The Arcata City Council voted on Wednesday to apply for federal funding to clean up dioxin-contaminated soil at the former Little Lake Industries lumber mill on South I Street. This cleanup has been a long time coming. In 2015, a major dioxin hotspot was discovered in bay sediments at the mouth of Butcher's Slough, which flows through the former mill site. We have been pressing for a cleanup of the City-owned property ever since. This site is not likely the only source of dioxins in Butchers Slough/Jolly Giant Creek, but it is a big step in the right direction. And it may lead to a much-needed dog park!

On this edition of the EcoNews Report, we are joined by Jacobs Pounds of Blue Lake Rancheria Environmental Department, who recently detected toxic algae in the Mad River from Blue Lake to Arcata. Anatoxins are powerful neurotoxins produced by blue-green algae when populations explode or "bloom" during unusually warm, low-flow conditions. These toxins have been detected in other local rivers and across the West, but never before in the Mad River. With limited testing due to high costs, it's best to avoid freshwater with visible algae mats, since these toxins have led to dog deaths and could be harmful to people, especially children. 
To learn more, visit the Blue Lake Rancheria's Facebook page.

For more info on toxic algae, visit the CA Harmful Algae Blooms website.
There you will see the HAB Incidents Report Map with the latest test results throughout the state, including No Swimming advisories for Big Lagoon, Stone Lagoon, and much of the Klamath River. 

A huge indoor fish farm project has submitted a first round of permit applications and its managers are confident that regulators will find its environmental impacts to be minimal.
​The Norway-based Nordic Aquafarms company took written questions and presented what its managers described as a “very low risk” project during a Sept. 9 videoconferenced public meeting.
​Nordic has advanced discharge permit applications to the state’s water board and Coastal Commission. Humboldt County will take the lead on the project’s California Environmental Quality Act review and coastal development permitting.
Asked by Humboldt Baykeeper about use of chemicals to address disease outbreaks, anti-biotics and heavy metals, Noyes emphasized that land-based aquaculture facilities have “the ability to exclude parasites and pathogens” and a fish vaccination program will target “any identified pathogens of concern.”
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The Humboldt County Board of Supervisors on Tuesday spent another two hours debating the fate of a billboard that was felled by wind last November, ultimately voting 3-2 to allow owner AllPoints Sign Company to rebuild the structure. However, in doing so, the three-member board majority added a provision that will require the sign, which sits in wetlands along the Elk River, to be permanently removed within five years.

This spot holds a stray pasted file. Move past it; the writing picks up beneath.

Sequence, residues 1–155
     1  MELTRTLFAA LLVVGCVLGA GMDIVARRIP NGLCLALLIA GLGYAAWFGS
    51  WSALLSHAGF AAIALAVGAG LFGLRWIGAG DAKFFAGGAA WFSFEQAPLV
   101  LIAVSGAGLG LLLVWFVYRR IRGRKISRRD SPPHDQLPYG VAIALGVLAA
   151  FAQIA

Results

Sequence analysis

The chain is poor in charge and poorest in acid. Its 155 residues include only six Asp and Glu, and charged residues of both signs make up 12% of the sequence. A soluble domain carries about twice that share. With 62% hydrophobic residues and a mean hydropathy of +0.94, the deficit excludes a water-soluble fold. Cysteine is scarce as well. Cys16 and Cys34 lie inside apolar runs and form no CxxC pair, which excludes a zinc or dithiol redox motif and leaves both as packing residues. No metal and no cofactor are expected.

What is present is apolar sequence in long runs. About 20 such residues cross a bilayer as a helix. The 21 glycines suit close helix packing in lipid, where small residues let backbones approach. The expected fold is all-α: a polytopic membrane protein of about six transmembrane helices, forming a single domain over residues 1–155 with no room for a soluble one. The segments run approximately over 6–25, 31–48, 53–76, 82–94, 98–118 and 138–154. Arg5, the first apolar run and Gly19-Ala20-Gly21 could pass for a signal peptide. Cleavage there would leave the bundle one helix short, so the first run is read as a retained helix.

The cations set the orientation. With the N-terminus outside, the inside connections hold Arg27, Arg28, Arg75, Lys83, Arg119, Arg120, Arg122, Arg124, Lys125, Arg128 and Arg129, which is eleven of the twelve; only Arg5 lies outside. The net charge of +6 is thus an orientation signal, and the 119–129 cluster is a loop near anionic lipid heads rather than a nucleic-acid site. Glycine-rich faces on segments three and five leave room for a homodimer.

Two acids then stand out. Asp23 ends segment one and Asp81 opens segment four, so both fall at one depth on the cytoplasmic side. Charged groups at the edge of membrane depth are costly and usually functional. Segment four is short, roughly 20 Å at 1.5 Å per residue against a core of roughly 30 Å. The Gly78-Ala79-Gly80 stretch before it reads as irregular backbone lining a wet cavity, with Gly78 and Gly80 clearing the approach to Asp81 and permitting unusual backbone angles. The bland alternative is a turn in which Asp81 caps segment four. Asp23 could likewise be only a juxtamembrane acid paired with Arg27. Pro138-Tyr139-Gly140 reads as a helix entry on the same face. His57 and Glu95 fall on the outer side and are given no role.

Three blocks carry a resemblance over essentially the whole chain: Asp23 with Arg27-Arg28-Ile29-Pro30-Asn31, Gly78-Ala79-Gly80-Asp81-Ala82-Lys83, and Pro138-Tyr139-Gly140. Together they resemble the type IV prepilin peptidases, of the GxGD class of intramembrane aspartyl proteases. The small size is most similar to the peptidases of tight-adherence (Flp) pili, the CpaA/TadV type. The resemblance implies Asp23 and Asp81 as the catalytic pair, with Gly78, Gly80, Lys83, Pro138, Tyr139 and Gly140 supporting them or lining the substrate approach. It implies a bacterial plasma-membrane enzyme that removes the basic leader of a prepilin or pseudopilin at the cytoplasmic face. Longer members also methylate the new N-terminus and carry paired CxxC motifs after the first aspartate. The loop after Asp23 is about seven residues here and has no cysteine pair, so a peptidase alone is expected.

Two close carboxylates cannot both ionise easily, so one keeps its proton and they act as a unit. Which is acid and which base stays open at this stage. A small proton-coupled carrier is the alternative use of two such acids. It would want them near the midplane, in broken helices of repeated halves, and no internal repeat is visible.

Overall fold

That’s assuming it gets rebuilt. If AllPoints owner Geoff Wills accepts this five-year provision, he’ll still need to get approval from the California Coastal Commission before rebuilding the billboard.
During the public comment period, three people called in to advocate for upholding the Planning Commission’s denial of the permit. Jennifer Kalt, executive director of Humboldt Baykeeper, argued that the environmental document prepared for the project was inadequate, in part because no biologist has analyzed the wetlands where the sign is situated. 
“In short, I’d urge you to recognize that this billboard had a good run of many, many decades,” Kalt said, adding that it’s time to get rid of this structure standing in an environmentally sensitive habitat."
Tom Wheeler, executive director of the Environmental Protection Information Center (EPIC), seconded her comments and also questioned the adequacy of the environmental review. urge you to recognize that this billboard had a good run of many, many decades,” Kalt said, adding that it’s time to get rid of this structure standing in an environmentally sensitive habitat.
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Pacific Seafoods-Eureka is set to pay a USD 74,500 (EUR 63,411) penalty as part of a settlement with the Environmental Protection Agency over Clean Water Act violations, according to an EPA press release.


A 2018 inspection by the EPA, the North Coast Regional Water Quality Control Board, and Eureka’s Public Works Department revealed that Pacific was found discharging wastewater into Eureka, California’s sewage system, and Eureka Slough in Humboldt Bay without an appropriate permit.


The EPA found that Pacific’s violations included “wastewater from the indoor shrimp processing area bypassing the facility's pretreatment system … wastewater from the de-shelling process was observed entering a storm drain; and the company was discharging the water used to rinse off oysters and crabs directly into the Eureka Slough."


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